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What has my mental illness taught me about life?

Suzanne Dang

Not all medications that are trialled will work the very first time of trying. There are many trials and errors. The right combination of medications will come with time. Not all friendships and relationships will work out – there will be fallouts. The ones who truly care about you will stay. They are the key people in your life – who encourage you, bring the best out of you, and accept you for who you are. Telling your story gets easier to share better; you are not stigmatised by mental health and mental health issues.

True love happens when you’re fully in love with yourself

When you’re fully working on yourself and love and accept you for who you are, that right person will come into your life. And this is what happened to you in your current romantic relationship. He came in your life when you been working on yourself first, and he came in to add to this relationship. You learnt that not all men are good, and those men wanted to take advantage of you in many ways. You walked into relationships where you wanted a man to fill that void in your life – but no, that was a wrong mistake, and you learned that the hard way.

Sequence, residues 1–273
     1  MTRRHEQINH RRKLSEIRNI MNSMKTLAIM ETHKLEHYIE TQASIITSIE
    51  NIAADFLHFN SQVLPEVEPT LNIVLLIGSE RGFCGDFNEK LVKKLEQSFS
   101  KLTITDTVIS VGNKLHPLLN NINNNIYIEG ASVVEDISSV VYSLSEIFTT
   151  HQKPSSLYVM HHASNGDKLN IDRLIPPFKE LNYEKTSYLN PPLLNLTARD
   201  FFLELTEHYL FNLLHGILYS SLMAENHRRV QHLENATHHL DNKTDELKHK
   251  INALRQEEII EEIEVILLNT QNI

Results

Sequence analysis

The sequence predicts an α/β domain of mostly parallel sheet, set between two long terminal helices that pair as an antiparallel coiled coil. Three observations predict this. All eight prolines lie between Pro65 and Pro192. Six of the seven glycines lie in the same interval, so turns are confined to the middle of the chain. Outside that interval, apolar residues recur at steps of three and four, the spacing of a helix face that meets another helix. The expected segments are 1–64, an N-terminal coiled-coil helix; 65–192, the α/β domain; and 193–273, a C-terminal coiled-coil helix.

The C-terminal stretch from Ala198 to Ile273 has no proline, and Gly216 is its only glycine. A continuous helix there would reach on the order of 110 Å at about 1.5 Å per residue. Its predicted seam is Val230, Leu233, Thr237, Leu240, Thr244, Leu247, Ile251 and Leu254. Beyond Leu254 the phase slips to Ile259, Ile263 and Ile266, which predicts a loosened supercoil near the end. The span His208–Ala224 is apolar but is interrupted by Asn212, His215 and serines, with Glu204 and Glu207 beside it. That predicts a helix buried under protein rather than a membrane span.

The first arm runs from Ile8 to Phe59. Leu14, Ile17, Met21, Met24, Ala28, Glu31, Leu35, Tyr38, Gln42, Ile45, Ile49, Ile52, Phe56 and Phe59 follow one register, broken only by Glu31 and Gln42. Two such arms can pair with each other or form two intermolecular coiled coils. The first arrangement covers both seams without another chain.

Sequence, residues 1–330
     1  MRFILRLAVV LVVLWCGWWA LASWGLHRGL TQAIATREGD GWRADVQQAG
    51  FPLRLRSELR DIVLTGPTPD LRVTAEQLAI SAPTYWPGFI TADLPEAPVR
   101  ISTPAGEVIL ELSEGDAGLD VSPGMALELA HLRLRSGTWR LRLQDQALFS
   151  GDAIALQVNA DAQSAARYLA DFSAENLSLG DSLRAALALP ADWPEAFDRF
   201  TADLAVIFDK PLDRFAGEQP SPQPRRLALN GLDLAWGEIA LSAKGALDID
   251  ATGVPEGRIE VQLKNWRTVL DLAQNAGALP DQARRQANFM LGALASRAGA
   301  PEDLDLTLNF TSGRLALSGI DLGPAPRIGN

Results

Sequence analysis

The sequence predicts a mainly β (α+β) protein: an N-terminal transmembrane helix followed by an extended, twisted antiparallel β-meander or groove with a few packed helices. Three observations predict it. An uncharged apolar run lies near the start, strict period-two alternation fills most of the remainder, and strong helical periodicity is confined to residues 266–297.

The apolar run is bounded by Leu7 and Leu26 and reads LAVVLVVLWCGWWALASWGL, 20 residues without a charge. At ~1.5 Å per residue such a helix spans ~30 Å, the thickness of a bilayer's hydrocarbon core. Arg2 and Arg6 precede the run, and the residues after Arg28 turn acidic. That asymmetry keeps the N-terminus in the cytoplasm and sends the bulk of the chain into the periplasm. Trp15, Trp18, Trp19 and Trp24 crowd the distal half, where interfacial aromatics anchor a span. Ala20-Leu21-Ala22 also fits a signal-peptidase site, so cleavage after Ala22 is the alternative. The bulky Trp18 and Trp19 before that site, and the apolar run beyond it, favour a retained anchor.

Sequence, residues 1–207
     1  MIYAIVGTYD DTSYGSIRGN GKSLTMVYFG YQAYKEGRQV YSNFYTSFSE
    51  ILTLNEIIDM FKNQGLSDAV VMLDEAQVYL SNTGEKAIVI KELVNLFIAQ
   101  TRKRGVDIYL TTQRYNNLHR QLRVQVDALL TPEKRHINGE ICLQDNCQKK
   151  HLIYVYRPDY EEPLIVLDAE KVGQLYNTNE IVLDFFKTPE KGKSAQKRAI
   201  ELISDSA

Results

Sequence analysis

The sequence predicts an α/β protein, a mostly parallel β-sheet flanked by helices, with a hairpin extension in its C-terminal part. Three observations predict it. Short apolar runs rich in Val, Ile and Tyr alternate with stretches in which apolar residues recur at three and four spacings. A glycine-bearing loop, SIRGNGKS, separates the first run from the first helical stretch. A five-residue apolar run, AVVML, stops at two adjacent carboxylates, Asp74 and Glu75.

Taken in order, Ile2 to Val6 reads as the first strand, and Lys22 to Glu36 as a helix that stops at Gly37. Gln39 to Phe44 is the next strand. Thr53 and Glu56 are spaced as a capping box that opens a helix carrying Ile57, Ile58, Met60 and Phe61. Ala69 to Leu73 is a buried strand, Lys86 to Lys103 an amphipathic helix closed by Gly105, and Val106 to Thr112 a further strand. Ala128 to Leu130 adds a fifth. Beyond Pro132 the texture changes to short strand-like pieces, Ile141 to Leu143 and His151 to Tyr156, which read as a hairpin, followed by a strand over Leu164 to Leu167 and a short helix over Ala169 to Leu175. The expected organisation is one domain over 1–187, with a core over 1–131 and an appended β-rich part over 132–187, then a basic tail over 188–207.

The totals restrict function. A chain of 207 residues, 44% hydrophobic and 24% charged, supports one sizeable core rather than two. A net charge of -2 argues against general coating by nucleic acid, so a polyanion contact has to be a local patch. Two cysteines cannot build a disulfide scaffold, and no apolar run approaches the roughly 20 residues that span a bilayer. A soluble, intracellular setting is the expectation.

Telling your mental health story becomes easier to share

At first, you were stigmatised by your story; you felt your story wasn’t ‘good enough,’ and some people have it worst than you. But as time passes, you learnt that you are a beautiful, unique, and an important person in your life. You stand for positive mental health and want to continue breaking the mental health stigmas confidently and honestly.

One quality friendship is always better than 600 Facebook friends

Having a mental health illness, not everyone will stay and ‘get’ you in life. It’s always better to have one or two quality friendships where they walk alongside in your most vulnerable states and journey. It’s much better than having 600 superficial friendships. Will everyone be there for you when you’re in the dark moments? Will they understand? Or will they tell you to “snap out of it”? No – you don’t want superficial friendships – to say the least, having Bipolar has helped you weed out the fake friends too. You know who is there for you when you need it most.

About the Author

Suzanne Dang
Suzanne Dang

After being diagnosed with Bipolar Disorder Type I, Suzanne Dang has reached a point where she wants to give back to the community through her own advocacy efforts to be a positive role model and voice to those struggling with mental health issues. Suzanne crushes the stereotypes and taboos by speaking openly, honestly, and confidently about her experiences.